South Carolina, and most everything of value in between, later
engaging in the mass slaughtering of Native Americans in the West,
largely old men, women, and children in their villages, in what
we euphemistically call "The Indian Wars."

Moses' memoirs
contain some very interesting observations on the Battle of Gettysburg.
"…We lost the battle," laments Moses, "and then
came the retreat; the rain poured down in floods that night !
I laid down in a fence corner and near by on the bare earth in
an India rubber [tarp] lay General Lee biding the pelting storm."

In his memoirs,
Moses reveals that "General Longstreet did not wish to fight
the Battle of Gettysburg. He wanted to go around the hill, but
Lee objected on account of our long wagon and artillery trains."
Longstreet, as historian Ed Bearss notes, "knew what muskets
in the hands of determined troops could do," and felt that
the Union forces, holding the high ground, would have the same
advantage over his forces that the Confederates had over the Federals
at Fredericksburg. If his advice had been taken, it could have
changed the course of the War.

But Lee rejected
Longstreet's recommendation to swing his troops around the heights,
and instead ordered the attack on the center of the Union forces
at Cemetery Hill, saying of the Yankees, "I will whip them
here, or they will whip me." Honorable as always, after the
battle Lee took responsibility for the disaster, saying "All
this has been my fault." Longstreet, feeling that the ground
fought over had no military value, called that day "the saddest
of my life." Shelby Foote calls Lee's decision "The
mistake of all mistakes."

Interestingly,
the entire battle might have been avoided and the course of the
war changed if Longstreet's forces had not been forced to wait
for their reinforcements to arrive. Moses says that if the Confederates
had not been delayed near Cash Town for over a day waiting for
General Richard Stoddert Ewell's wagon train of supplies, "…I
do know that we could have marched easily from Chambersburg to
Gettysburg, in a day, and been there before the Union troops."

Moses’ three
sons also fought for the South, and one was killed at Seven Pines
in May, 1862 after performing acts of amazing valor — Lt. Albert
Moses Luria, the first Jewish Confederate to fall in battle.

He was killed
at age nineteen after courageously throwing a live Union artillery
shell out of his fortification before it exploded, thereby saving
the lives of many of his compatriots.

(The last
Confederate Jew to be killed was Major Moses’ nephew, Joshua Lazarus
Moses, of Sumter, South Carolina, the brother of my great grandfather.
Josh was killed in the battle of Fort Blakeley, Alabama, a few
hours after Lee surrendered, commanding the guns firing the last
shots in defense of Mobile. In this battle, Josh’s brothers Perry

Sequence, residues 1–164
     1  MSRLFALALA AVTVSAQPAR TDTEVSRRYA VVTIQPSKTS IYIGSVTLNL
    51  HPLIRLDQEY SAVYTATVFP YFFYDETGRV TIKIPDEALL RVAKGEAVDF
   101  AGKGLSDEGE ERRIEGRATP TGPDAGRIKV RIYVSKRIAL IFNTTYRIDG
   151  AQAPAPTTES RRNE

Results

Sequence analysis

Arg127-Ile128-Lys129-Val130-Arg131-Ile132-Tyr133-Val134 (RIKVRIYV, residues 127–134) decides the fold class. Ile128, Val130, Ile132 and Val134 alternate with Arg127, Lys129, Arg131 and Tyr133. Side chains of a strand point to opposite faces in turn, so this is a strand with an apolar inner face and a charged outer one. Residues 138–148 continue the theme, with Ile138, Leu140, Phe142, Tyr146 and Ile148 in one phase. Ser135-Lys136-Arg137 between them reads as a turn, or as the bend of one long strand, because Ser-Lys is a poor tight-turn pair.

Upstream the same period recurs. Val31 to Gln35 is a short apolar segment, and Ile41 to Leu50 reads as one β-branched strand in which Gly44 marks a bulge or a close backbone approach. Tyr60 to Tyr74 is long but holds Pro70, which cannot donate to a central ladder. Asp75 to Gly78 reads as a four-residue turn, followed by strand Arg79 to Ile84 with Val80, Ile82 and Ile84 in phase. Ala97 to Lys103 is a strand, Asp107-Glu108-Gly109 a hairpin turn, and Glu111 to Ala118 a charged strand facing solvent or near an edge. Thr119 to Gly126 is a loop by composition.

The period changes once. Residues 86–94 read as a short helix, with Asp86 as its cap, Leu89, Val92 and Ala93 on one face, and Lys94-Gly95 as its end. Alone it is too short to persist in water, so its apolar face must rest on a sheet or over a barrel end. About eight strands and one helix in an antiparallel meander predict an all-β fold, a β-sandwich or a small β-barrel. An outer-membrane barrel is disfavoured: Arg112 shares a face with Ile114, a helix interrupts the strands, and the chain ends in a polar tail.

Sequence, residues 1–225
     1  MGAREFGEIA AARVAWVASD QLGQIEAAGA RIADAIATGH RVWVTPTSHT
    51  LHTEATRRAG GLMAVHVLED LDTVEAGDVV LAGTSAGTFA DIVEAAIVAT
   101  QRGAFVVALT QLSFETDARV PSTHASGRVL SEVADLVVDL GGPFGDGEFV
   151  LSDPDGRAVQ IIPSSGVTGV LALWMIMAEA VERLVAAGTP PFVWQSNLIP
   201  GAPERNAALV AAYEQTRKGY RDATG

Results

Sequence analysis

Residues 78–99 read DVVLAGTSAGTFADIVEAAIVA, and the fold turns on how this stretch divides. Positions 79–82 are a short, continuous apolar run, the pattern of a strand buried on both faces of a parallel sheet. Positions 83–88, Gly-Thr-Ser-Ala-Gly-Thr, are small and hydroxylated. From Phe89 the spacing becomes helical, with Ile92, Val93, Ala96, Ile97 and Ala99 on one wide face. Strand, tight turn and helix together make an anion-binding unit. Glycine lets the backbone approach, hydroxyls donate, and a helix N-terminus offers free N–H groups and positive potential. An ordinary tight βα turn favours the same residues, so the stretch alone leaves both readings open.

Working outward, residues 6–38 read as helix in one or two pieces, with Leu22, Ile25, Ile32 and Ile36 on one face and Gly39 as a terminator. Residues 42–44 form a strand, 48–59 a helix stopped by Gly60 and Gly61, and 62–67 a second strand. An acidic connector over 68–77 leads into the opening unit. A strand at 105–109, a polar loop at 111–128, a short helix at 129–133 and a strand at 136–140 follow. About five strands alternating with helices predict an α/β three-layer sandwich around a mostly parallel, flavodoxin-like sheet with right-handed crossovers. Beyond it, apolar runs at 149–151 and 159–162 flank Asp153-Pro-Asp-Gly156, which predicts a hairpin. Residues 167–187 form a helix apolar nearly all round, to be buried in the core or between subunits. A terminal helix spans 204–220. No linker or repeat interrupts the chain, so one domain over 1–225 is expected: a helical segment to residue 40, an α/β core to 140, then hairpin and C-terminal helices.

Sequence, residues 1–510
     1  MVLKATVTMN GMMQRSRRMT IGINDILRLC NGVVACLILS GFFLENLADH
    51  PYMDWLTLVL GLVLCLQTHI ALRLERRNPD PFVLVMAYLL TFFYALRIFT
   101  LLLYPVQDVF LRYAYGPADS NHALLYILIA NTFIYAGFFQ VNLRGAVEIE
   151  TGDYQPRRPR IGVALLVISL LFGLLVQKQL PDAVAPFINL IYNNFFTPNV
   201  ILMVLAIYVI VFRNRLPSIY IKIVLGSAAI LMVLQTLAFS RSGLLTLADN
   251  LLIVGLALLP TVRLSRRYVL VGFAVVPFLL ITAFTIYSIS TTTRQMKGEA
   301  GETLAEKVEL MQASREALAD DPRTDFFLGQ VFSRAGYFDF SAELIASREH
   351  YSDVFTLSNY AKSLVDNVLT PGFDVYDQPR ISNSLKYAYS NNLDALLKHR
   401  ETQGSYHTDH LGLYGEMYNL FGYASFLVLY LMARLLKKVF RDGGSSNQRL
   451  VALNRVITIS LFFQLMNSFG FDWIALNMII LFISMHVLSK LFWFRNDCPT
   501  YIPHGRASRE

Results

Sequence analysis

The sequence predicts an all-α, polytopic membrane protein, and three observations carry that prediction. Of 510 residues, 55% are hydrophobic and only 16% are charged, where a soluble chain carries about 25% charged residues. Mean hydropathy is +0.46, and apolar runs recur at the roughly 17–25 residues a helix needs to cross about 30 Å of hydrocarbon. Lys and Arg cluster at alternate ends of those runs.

and Horace were respectively wounded and captured.)

RUNNING
OUT OF FOOD

Prior to
Virginia's Battle of the Wilderness in May, 1864, Moses was having
more and more difficulty obtaining supplies, since farmers were
refusing to sell their crops because of increasing speculation
over prices. Moses decided to travel to Georgia, his major source
of supplies, to talk to the farmers: ["It occurred to me,
that if I could go to Georgia and speak to the people who had
sons, brothers, relatives and friends suffering for food, that
I could get supplies." Moses asked General Lee for a furlough
to go there and loosen up the pipeline, and Lee replied, "Major,
I would approve it but really we can't spare you, you know."
But when Moses explained his plans, Lee responded, "Well,
Major, if you think you can do anything for my poor boys, go and
may God crown you effort with success."]

When he arrived
in Georgia in mid-1864, Moses found few willing and able to help
out.[ In his memoirs, he recalled a meeting where he spoke at
Temperance Hall in Columbus:

There were
about thirty persons present...When I last spoke at this hall,
it was to urge the people of Columbus to send their sons and
brothers to confront the hazards of war to redress their country's
wrongs. The house was full from pit to gallery with patriotic
citizens ready for the sacrifices asked. Now I come from those
near and dear to the people here to appeal to them for bread,
for the starving Army, and I am confronted by empty benches...

Travelling
next to southwest Georgia, Moses was "met there with a very
different spirit and had a very successful trip."] But while
there, the Confederate Commissary for the state died, and Moses
was appointed to fill the post.

Still, the
pressures on Moses to obtain and distribute supplies of food remained
relentless, and towards the end of the War, the situation had
become desperate.

THE FINAL